Whether it was Gunship and the pounding Drone Racing– the kick drum alone makes it worth having a look at– Ceinture Haptique Woojer… or The Word Alive’s Quit While You’re Ahead, I adored listening to music in this way. It’s somewhere between being down the front at a gig and standing beside a bass bin in a bar, and if you’re a fan of music the Woojer Vest Edge brings it to life in such a way you can’t quickly duplicate. If you’re a fan of symphonic music or 60s pop there’s going to be less of a draw, but if your taste alters towards the much heavier end you’ll discover it tough to go back.
I followed up my musical jaunts with some film time. This was where I took my first venture into VR with the Vest Edge, and the established on Oculus Mission 2 was simple and speedy. Taking the 3.5 mm feed from the Oculus into the Vest Edge’s control system, you then connect your earphones in series before depositing them on your head. I worried that there ‘d be a lot of loose cables, but with some placing under and around the Vest Edge there was never anything in the method, and nor did it limit my movement.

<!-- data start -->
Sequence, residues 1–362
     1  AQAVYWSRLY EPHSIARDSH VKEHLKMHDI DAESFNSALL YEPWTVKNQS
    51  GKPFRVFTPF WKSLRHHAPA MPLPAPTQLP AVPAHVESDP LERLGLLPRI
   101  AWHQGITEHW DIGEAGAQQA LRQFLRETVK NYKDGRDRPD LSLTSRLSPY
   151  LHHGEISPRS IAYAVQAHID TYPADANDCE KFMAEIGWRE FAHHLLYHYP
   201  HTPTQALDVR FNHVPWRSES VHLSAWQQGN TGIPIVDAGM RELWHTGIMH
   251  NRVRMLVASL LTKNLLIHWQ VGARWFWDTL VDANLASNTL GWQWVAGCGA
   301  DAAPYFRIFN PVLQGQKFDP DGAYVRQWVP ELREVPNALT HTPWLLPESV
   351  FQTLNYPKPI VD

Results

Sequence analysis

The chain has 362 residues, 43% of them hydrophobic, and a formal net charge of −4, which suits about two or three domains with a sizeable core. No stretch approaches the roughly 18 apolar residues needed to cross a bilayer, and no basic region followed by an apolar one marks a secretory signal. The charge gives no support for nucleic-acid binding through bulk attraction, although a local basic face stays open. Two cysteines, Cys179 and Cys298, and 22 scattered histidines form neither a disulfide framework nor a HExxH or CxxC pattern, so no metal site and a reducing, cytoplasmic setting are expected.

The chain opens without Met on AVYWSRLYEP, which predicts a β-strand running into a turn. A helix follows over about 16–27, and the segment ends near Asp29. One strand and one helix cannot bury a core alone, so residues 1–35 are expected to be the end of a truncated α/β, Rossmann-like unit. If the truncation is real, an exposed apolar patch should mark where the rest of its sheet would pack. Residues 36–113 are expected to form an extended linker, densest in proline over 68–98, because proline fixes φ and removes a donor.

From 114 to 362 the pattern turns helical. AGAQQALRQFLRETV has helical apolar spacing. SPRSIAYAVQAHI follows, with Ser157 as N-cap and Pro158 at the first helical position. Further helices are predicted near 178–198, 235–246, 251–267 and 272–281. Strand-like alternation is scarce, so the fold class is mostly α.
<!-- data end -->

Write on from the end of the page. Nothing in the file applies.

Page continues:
If you’ve checked out apps like Prime Video VR or Bigscreen you’ll understand that they put you in a virtual cinema, and viewing blockbusters in VR can be quite special. Adding in the Vest Edge pointers things strongly into ‘almost as great as the real thing’.
I went with Spider-Man Homecoming as my first port of call, and things began reasonably controlled. I don’t believe I ‘d spent much time thinking of how filmmakers fine-tune the sound mix to draw the audience in, but the lack of radio frequencies in the opening was hammered home once they appeared, adding major depth to both the superhero and the soundtrack action. I liked this; it’s definitely like having your own cinema, and given that I ‘d matched the Vest Edge with Razer’s haptic-toting Nari Ultimate I was experiencing every blow, every blast, just like you would in a fully equipped movie theatre. No, wait. It’s much better than that